Person-based response: A postmodern alternative to text-based teacher comments

Date

1998-05

Journal Title

Journal ISSN

Volume Title

Publisher

Texas Tech University

Abstract

This dissertation offers a theory of teacher response that privileges persons over text. It is based on the finding that there are two major trends in current teacher response: one text-based, a legacy of modernism and founded on the principles of New Criticism, which locates meaning in the text, and the other, person-based, founded on postmodem thought, which locates meaning in the writer and the reader. During the last 25 years, composition scholars have unearthed a number of problems with text-based response, including the following: an overemphasis on formal error, the teacher's inability to function as a real reader, a corresponding lack of "humanness" in teacher voice, a lack of clarity, including illegible handwriting and undefined proofreading marks, a failure to gear comments to specific audiences including basic writers and ESL students, a lack of positive reinforcement with some teachers displaying overt hostility toward their student writers, a tendency for teachers to appropriate student writing so that the student's own voice is lost, and comments showing a product-centered rather than process-centered approach to writing, which discounts the role of rhetorical invention. After documenting these deficiencies in teacher response strategies, this study presents a solution in the form of four tenets of person-based response. Phrased in the imperative, they are (1) respond first as a genuine (human) reader; (2) emphasize student successes not errors; (3) empower student writers; don't silence their voices or appropriate their work; and (4) emphasize student process (successful writers in-the-making) not product ("finished" and flawed papers). In a descriptive quantitative analysis involving 303 beginning college composition students, this study goes on to show how all four tenets of person-based response correlate with positive student motivation, a condition which writing apprehension theory says is cmcial for effective writing. In addition, this study analyzes some confounds to person-based response, presents the stories of eight students who react to the methodology, and suggests further study of the theory, especially a project linking the tenets of person-based response empirically to the Daly and Miller Writing Apprehension Scale. Finally, the dissertation emphasizes the need for what Burke calls consubstanciality, the act of really connecting with one's audience, including teachers with students and students with each other.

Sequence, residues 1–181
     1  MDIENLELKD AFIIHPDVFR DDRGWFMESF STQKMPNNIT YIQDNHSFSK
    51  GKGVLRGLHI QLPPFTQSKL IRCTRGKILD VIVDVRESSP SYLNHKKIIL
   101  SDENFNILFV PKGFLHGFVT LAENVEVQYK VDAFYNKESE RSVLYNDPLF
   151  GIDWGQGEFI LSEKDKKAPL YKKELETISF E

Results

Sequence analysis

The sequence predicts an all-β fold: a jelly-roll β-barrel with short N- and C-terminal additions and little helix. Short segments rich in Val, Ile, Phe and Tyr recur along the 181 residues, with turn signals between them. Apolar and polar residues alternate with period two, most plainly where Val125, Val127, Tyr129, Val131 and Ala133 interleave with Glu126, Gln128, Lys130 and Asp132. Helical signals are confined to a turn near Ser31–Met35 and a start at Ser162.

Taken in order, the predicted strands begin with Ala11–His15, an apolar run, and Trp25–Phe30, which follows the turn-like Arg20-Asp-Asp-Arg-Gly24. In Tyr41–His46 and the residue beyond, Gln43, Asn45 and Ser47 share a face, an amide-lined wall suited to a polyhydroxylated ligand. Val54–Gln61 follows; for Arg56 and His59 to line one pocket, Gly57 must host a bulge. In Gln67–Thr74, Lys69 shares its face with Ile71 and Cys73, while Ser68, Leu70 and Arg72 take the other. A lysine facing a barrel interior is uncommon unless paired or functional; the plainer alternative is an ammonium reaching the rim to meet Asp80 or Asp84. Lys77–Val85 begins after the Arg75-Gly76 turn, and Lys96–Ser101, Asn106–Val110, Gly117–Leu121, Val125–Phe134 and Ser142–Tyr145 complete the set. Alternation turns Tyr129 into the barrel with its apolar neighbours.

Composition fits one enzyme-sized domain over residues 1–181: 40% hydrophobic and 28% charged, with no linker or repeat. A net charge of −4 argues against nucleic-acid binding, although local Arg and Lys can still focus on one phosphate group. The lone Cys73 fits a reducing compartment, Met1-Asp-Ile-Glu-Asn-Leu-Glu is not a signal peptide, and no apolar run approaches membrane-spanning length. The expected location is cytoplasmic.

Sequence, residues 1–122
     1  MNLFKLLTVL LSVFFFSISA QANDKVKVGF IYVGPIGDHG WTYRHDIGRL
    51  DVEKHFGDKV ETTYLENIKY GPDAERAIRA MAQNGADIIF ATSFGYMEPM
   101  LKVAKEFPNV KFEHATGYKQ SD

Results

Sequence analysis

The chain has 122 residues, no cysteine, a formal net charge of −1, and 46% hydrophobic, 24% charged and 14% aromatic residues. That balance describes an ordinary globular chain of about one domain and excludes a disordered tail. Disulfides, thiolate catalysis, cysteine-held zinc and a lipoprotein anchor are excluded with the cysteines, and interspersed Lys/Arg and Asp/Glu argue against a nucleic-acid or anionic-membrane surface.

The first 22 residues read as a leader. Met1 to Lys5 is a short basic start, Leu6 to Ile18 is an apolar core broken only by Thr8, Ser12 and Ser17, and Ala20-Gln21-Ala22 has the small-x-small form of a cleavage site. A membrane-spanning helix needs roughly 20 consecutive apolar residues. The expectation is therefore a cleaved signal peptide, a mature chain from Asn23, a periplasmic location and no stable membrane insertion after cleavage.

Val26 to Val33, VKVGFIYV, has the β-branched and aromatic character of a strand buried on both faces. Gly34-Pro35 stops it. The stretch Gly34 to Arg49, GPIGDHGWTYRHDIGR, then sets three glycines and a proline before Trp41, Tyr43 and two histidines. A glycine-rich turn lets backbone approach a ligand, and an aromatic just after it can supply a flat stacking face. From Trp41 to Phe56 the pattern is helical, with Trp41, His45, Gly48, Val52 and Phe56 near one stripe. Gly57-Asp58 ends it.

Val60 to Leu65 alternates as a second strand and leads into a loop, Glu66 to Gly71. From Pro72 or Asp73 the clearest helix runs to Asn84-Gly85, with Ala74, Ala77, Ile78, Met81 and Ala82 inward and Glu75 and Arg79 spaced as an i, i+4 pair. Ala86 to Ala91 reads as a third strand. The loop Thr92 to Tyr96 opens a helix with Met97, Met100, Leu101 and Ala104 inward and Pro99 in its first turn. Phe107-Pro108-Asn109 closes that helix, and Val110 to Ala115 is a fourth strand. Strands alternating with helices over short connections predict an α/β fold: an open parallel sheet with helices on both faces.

Description

Keywords

Interaction analysis in education, Teacher-student relationships, Grading and marking (Students), Motivation in education, Communication in education

Citation